Several days ago I shared a link to a blog post on my Facebook timeline titled, “The Rise of the ‘Done with Church’ Population” by Thom Schultz. The actual blog is at www.churchleaders.com.
At first I was surprised by some of the responses. Then my immediate response was “I’m not surprised.”
Rather than respond to everyone who’d commented on Facebook, I felt it better to respond here on my blog, so not to continue a long stream on Facebook. Then everyone who commented or clicked like on the original Facebook post won’t keep getting notifications.
In Thom Schultz’s article, he mentioned that the leavers (for lack of a better term) weren’t new Christians or new members of any certain church. These are people who are done with church, but NOT their faith.
They’re not finding another church somewhere else. The ones leaving are those who were active, doers, who volunteered regularly. As stated in Schultz’s blog, “the church is losing its best.”
After I shared this blog link on Facebook and read the responses, it was from people just like those described in the article. Strong, long-term, seasoned, passionate believers in Christ who are still strong believers in Christ.
I, too am a seasoned believer. I’ve always been involved at some level as a volunteer wherever I went to church. Since 1983, I’ve been a regular member (I don’t like that term, but don’t know what else to call it) in four churches; that’s four churches in 32 years. The prior three churches I attended have since split or simply dissolved.
I’ve been burned out, hurt, disappointed, disillusioned and misled. But I’ve also gained a family, incredible, lifelong friends, grown in my relationship with God, had opportunities to serve Him in various and exciting projects, felt connected and experienced true community. The local church and church at large, is comprised of imperfect people like me.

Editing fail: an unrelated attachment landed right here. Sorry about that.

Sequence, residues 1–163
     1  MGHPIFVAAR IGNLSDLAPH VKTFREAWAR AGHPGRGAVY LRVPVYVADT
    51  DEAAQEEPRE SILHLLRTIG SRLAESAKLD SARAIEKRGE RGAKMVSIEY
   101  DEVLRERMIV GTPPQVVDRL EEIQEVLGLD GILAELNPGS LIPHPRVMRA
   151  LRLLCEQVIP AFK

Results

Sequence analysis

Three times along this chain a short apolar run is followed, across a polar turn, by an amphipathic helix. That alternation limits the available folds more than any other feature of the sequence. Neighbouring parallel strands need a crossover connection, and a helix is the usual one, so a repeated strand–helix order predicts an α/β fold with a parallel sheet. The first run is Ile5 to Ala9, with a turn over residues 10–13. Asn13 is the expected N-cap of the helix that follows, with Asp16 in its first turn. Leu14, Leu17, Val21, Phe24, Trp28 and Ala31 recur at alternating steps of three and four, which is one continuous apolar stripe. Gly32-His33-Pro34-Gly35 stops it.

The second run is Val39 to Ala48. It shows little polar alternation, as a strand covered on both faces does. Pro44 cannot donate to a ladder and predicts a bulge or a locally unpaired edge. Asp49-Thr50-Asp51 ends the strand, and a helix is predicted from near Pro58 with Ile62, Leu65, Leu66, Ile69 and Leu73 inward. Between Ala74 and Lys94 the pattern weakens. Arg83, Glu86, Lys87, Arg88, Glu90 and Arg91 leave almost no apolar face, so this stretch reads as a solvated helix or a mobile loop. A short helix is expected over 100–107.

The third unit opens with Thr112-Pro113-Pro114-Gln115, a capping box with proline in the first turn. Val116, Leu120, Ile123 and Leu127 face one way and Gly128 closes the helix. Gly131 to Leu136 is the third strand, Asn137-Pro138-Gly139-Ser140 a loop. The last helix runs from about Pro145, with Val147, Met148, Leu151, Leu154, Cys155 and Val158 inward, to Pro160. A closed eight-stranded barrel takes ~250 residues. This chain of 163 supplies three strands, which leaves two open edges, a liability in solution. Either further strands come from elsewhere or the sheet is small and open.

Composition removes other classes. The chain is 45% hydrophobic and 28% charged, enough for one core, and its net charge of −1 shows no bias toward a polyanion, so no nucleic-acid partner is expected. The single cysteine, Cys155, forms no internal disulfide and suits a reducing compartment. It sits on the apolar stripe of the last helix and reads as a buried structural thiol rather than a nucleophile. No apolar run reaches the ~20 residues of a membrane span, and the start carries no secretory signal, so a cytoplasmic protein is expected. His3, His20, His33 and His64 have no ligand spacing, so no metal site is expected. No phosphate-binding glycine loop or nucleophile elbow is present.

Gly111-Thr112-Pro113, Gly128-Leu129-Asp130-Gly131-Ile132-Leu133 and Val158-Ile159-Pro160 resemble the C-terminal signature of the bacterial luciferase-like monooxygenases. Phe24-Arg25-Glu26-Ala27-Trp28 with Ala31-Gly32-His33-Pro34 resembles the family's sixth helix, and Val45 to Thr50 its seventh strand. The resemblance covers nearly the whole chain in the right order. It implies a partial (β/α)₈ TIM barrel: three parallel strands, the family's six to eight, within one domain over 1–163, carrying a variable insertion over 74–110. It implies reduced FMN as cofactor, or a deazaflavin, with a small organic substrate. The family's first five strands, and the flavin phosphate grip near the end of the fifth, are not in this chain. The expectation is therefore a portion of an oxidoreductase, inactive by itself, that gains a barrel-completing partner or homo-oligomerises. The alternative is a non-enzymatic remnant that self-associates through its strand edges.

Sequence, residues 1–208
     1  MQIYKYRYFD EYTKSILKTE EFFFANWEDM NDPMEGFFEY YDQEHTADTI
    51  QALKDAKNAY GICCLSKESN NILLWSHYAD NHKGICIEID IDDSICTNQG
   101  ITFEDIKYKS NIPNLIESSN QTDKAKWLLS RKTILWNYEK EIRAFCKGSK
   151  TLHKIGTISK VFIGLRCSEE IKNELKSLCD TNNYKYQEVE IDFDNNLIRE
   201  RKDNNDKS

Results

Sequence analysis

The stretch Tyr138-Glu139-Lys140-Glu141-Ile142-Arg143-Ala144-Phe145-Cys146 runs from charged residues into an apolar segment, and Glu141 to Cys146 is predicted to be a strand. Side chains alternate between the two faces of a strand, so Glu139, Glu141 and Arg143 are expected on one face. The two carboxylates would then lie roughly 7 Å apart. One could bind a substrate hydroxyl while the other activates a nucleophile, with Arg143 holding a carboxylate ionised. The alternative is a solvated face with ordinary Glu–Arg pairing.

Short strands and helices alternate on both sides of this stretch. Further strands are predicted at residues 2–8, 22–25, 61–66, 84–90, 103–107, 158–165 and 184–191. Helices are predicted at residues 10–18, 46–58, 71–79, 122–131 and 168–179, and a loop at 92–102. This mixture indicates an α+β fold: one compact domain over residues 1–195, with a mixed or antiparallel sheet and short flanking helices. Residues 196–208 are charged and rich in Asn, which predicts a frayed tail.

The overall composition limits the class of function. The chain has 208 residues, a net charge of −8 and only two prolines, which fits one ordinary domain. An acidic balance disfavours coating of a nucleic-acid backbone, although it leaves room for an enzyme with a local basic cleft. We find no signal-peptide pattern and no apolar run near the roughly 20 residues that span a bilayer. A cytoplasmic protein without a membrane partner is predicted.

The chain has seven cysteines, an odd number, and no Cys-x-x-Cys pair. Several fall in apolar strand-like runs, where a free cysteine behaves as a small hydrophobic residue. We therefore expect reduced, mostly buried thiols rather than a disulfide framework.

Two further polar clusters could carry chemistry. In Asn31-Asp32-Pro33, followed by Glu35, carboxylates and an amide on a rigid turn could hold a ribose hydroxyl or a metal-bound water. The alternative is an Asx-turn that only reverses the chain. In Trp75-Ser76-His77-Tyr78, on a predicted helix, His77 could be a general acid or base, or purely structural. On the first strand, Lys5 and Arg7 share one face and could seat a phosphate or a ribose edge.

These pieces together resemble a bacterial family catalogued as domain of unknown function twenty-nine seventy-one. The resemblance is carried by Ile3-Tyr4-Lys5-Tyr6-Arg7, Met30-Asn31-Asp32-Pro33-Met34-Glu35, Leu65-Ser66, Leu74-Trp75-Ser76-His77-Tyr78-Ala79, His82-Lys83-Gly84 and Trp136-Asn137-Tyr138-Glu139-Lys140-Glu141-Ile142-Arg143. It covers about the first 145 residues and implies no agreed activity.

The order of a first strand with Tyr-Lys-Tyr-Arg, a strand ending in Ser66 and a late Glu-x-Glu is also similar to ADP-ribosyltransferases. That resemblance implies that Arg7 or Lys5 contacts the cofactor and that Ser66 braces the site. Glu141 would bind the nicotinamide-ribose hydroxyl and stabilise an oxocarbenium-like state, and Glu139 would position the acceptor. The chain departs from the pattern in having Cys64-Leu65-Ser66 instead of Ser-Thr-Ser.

I’m guilty of pride, judging, partiality, people-pleasing and whatever else turns the unchurched off. I know I’m not alone in this. It’s shameful but true.
But laying my personal thoughts aside for now, in order to respond to this issue, I skimmed the Bible from Acts to 2 Peter, which is full of letters of instruction to the early churches.
We know about the first churches as described in Acts 2:42. “And they continued steadfastly in the apostles’ doctrine and fellowship, in the breaking of bread, and in prayers.” Acts 5 has more about their growth and continuing in power in one accord.
In Romans 12:9-16, it’s clear how Christians are to behave and operate. I Corinthians 12 details spiritual gifts, talents and oneness, even in diversity in the body of Christ.
Much is mentioned in I Corinthians 14 about order in church meetings, focusing on edification.
First Timothy 3 details the qualifications of overseers (deacons and elders) in the churches.
Hebrews 10:24-25 reads, “And let us consider one another in order to stir up love and good works; not forsaking the assembling of ourselves together, as is the manner of some, but exhorting one another, and so much the more as you see the Day approaching.”
For the sake of time, I won’t elaborate because I need to read all this for myself. I encourage you to do the same. It’s clear though that God does have a purpose for His church.
Have we lost sight of His purpose for the church in America? I think we have. Yet, there is no perfect church or group of believers.
Personally, if I joined the “done” population, I’d miss terribly the fellowship I have with other believers. I need the accountability, friendships, companionship and support. We aren’t meant to do life alone.
It saddens me that the word “church” has become a bad word.
We have an enemy, the devil, satan. I feel sure that it’s his plan to dismantle the church one person at a time. The church is the very instrument God uses to reach the world.
What would happen to this world if we all became a member of the “done” population?
What we should do about this obvious growing issue, I don't know. Maybe what we're doing now.
Talking about it.
I'm still not ready to join the done population.
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